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The 2006 Ig Noble prize for chemistry has been announced and was awarded to Spanish researchers Antonio Mulet, José Javier Benedito and José Bon (University of Valencia), and Carmen Rosselló (University of Illes Balears), for their outstanding research: "Ultrasonic Velocity in Cheddar Cheese as Affected by Temperature." published in the Journal of Food Science.1
The Ig Noble prizes are administered by the publishers of the Annals of Improbable Research magazine. It's not always clear to me that the Chemistry Ig Noble prizes seem more related to other areas, and some non-chemistry prizes look as though the work was chemical, but never mind. For the record, here are a few of the more recent awards.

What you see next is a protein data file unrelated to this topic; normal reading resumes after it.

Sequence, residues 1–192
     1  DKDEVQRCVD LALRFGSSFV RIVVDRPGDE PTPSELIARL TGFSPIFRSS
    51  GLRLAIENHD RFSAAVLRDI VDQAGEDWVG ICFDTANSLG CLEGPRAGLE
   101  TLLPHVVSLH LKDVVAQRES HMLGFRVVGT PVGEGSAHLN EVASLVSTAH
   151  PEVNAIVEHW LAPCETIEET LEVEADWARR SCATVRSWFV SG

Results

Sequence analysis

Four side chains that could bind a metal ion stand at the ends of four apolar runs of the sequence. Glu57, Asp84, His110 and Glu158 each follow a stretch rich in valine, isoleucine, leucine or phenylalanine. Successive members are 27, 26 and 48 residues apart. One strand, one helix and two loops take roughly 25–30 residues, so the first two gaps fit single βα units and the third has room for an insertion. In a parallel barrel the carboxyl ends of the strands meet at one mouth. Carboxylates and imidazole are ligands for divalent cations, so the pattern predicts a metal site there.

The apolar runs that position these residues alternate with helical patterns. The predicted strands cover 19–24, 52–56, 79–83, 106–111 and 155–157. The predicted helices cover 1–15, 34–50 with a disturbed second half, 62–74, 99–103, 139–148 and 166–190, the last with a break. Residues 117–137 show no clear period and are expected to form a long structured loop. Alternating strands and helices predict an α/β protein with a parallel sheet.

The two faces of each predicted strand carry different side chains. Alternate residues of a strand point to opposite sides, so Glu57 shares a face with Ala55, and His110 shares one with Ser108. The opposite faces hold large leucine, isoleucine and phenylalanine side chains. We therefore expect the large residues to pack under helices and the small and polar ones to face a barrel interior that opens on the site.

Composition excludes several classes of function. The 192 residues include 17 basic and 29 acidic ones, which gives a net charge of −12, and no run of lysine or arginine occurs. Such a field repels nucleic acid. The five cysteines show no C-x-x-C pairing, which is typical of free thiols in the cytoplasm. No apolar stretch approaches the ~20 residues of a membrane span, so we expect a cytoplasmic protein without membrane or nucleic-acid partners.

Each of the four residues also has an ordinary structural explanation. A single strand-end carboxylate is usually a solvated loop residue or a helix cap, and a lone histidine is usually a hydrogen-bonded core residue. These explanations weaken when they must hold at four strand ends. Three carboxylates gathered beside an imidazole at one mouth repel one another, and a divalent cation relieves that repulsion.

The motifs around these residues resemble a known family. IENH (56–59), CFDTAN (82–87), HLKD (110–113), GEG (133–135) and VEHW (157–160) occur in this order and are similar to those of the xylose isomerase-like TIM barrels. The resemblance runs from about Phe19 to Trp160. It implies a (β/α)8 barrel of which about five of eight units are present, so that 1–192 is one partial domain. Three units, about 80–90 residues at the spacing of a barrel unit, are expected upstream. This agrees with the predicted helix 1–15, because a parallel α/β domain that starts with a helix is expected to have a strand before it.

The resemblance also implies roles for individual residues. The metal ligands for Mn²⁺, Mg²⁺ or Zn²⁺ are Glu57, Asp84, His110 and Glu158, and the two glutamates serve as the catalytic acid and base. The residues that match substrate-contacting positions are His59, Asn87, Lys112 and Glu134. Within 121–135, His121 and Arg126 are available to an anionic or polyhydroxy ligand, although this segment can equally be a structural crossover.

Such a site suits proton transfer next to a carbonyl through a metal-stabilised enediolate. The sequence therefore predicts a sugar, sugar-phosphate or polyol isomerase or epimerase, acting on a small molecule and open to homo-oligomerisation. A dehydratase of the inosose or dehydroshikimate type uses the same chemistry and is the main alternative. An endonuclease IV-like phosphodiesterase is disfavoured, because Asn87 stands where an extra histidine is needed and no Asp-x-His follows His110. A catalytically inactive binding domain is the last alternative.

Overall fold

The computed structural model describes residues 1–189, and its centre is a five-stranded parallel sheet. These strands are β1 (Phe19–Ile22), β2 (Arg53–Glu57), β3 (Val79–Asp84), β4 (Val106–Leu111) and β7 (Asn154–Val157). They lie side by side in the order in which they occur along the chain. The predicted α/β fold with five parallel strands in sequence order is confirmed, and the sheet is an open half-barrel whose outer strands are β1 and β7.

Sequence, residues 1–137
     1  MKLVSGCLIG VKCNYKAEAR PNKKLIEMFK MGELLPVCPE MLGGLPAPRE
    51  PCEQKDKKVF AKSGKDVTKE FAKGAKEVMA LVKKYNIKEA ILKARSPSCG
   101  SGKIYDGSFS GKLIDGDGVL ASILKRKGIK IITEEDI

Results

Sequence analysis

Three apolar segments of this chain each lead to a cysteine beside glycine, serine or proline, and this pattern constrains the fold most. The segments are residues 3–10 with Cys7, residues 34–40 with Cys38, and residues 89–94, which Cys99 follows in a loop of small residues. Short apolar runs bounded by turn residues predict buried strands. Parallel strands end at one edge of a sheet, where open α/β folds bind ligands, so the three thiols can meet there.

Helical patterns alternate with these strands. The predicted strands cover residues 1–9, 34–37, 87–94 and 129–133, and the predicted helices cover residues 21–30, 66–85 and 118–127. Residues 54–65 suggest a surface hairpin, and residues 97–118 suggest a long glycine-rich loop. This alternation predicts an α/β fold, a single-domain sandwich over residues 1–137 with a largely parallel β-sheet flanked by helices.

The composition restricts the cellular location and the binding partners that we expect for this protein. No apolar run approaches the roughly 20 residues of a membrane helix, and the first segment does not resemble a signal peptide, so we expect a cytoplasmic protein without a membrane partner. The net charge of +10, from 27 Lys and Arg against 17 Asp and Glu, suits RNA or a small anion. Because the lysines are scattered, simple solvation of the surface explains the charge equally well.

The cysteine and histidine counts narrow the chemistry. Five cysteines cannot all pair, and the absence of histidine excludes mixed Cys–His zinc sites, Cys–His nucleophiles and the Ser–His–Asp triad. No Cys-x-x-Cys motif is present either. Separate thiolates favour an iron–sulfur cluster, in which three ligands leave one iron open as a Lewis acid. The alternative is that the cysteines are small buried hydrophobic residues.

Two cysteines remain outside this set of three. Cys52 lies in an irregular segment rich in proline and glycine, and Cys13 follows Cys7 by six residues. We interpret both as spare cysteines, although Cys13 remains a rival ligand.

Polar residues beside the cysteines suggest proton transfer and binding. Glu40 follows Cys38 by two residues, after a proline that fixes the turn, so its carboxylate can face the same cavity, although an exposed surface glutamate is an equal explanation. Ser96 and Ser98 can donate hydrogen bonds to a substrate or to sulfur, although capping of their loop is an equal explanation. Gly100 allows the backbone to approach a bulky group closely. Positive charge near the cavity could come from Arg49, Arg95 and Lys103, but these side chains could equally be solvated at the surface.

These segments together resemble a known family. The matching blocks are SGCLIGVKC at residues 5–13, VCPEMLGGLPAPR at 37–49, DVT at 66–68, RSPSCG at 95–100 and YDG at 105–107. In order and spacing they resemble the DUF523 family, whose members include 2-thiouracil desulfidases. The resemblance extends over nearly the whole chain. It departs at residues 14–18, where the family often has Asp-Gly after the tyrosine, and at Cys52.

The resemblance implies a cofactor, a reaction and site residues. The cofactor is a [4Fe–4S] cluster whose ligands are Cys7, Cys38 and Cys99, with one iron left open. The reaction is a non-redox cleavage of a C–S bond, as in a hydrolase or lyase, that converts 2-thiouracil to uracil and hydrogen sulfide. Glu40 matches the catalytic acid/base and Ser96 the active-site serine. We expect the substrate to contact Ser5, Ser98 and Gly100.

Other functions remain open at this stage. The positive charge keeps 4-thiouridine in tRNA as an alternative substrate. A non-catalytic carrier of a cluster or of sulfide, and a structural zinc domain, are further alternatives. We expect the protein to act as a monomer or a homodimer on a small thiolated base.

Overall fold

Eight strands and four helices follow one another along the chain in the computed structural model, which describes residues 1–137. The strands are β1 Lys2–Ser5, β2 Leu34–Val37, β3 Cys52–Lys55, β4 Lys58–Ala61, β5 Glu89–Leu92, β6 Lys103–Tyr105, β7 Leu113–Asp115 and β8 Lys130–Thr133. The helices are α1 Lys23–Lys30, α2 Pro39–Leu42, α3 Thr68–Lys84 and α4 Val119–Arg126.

Edward Cussler and Brian Gettelfinger (University of Minnesota and the University of Wisconsin), for their work that finally settled the longstanding scientific question: can people swim faster in syrup or in water? See "Will Humans Swim Faster or Slower in Syrup?".2
The Coca-Cola Company of Great Britain, for using advanced technology to convert ordinary tap water into Dasani, a transparent form of water, which for "precautionary reasons" was withdrawn form the market in the UK (it seems the Dasani contained the carcinogenic bromate - the UK Food Standards Agency advice was that while Dasani contained illegal levels of bromate, it did not present an immediate risk to the public). See various press stories including:
Yukio Hirose of Kanazawa University in Japan, for his chemical investigation of a bronze statue in the city of Kanazawa that fails to attract pigeons.
Theodore Gray of Wolfram Research (Champaign, Illinois, USA) for gathering elements of the periodic table and assembling them into a periodic table table.
- 1. Ultrasonic Velocity in Cheddar Cheese as Affected by Temperature,
, Journal of Food Science, 11/1999, Volume 64, Issue 6, p.1038 - 1041, (1999)
- 2. Will humans swim faster or slower in syrup?,
, AIChE Journal, 11/2004, Volume 50, Issue 11, p.2646 - 2647, (2004)